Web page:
Can a DVO be appealed outside 21 days of the initial ruling?

Discussion in 'Other/General Law Forum' started by Sulpicius_Galba, 23 May 2019.

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  1. Sulpicius_Galba

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    I will try to keep this short and concise.

    Was together with my significant other for 7 years, engaged to marry.
    We split, it was messy. No psychical harm just yelling and screaming etc.

    For 12 months after the initial split i made contact frequently try to reconcile.
    She didn't like this and got a DVO put against me for emotional abuse.

    I didn't lawyer up and contest, i was distraught and not sleeping leading up to the court date and just rolled over and accepted it without appeal as i just wanted this whole situation to go away.

    Looking back now with a clear mind, this 5 year court order against me probably could effect me negatively in future job opportunities and it just overall doesn't sit right with me.

    Can i make an appeal for it to be dropped, or do i just have to wear it now?
     
  2. sammy01

    sammy01 Well-Known Member

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    Just checking - did you accept without admission?

    The advice changes depending. But by the sounds of things you acccepted without admission? That being the case stress less. Mate, I'm a school teacher even with my kids on the AVO as 'protected people' it still didn't impact on my working with children check.

    So when might an AVO impact negatively on job prospects? Look if you're going for any job that requires you to have a gun licence....

    Appealing it now? Not really. See the problem is that you'd need to get a solicitor to contact the ex and she would have to agree. I reckon you're wasting your time
     
  3. Scruff

    Scruff Well-Known Member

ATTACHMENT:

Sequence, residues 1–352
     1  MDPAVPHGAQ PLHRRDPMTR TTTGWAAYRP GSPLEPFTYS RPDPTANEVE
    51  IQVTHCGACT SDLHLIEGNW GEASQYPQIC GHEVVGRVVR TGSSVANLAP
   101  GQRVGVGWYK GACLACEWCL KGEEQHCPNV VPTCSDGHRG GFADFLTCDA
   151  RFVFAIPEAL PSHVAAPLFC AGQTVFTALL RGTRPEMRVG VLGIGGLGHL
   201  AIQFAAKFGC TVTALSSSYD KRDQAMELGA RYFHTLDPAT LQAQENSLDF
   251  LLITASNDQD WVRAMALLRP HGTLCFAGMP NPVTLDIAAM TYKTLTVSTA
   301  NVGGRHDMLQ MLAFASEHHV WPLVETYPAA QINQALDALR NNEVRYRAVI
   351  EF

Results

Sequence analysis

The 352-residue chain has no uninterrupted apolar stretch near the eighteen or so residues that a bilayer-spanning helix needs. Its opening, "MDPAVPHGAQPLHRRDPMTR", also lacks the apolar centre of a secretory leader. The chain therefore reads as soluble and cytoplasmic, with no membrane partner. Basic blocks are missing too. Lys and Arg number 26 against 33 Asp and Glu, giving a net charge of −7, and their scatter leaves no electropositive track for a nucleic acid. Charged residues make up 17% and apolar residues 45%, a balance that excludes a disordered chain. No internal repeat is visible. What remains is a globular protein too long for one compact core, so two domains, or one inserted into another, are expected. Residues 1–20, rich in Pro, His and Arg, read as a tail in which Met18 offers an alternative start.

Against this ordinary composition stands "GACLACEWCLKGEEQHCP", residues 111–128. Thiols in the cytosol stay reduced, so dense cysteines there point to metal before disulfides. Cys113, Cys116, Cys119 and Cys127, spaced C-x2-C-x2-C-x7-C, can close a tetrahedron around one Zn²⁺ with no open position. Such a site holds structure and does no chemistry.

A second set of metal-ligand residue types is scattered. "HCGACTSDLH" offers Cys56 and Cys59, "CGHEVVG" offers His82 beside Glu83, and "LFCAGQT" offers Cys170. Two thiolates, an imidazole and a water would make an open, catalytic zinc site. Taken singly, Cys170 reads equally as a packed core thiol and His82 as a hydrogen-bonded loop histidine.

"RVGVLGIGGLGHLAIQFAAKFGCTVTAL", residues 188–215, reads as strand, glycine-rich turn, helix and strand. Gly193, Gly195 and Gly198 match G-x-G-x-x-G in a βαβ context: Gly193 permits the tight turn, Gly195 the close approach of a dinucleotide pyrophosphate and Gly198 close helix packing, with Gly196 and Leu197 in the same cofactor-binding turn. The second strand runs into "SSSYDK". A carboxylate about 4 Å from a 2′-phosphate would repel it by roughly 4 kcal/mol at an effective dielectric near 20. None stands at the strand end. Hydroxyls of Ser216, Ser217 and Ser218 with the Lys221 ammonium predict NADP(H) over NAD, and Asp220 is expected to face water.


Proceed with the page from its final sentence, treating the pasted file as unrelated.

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    If you haven't been charged with a criminal offence, then you have nothing to worry about and you don't have to disclose anything to prospective employers.

    The following is based on information for NSW, but all states and territories should be similar.

    National Police Checks ("NPC") are limited to non-spent criminal "convictions", while Working With Children Checks ("WWC") includes an evaluation of all criminal "charges" (incuding pending, spent and juvenile) as well as findings of workplace misconduct.

    The NSW Office of the Children's Guardian describes the difference as follows:
    Ref: Working With Children Check FAQ - NSW Office of the Children's Guardian (Scroll down to #19)

    There is a list of disqualifying offences that automatically bar you from working with children. These offences are defined in Schedule 2 of the NSW Child Protection (Working with Children) Act 2012. Ref: NSW Legislation

    A better summary of the disqualifying offences is contained in this Facts Sheet, as it includes the descriptions of the offences, not just the section numbers: https://www.kidsguardian.nsw.gov.au/ArticleDocuments/191/Schedule2offences.pdf.aspx?Embed=Y

    A DVO is a "civil court order", not a criminal offence. It therefore does not show up in, or have any impact on either check.

    Breaching such an order however, is an offence that you can be charged for. If that happens, then for an NPC, it would show up if convicted and for a WWC, it would be included in the assessment regardless of conviction.
     
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    #3 Scruff, 25 May 2019
    Last edited: 25 May 2019
  4. Scruff

    Scruff Well-Known Member

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    A quick correction in relation to the above:

    WWC's include charges where a conviction is recorded; and charges that are proven and no conviction is recorded.

    So NPC's only include recorded convictions; and WWC's are assessed on all charges that are proven, whether or not a conviction is recorded.
     
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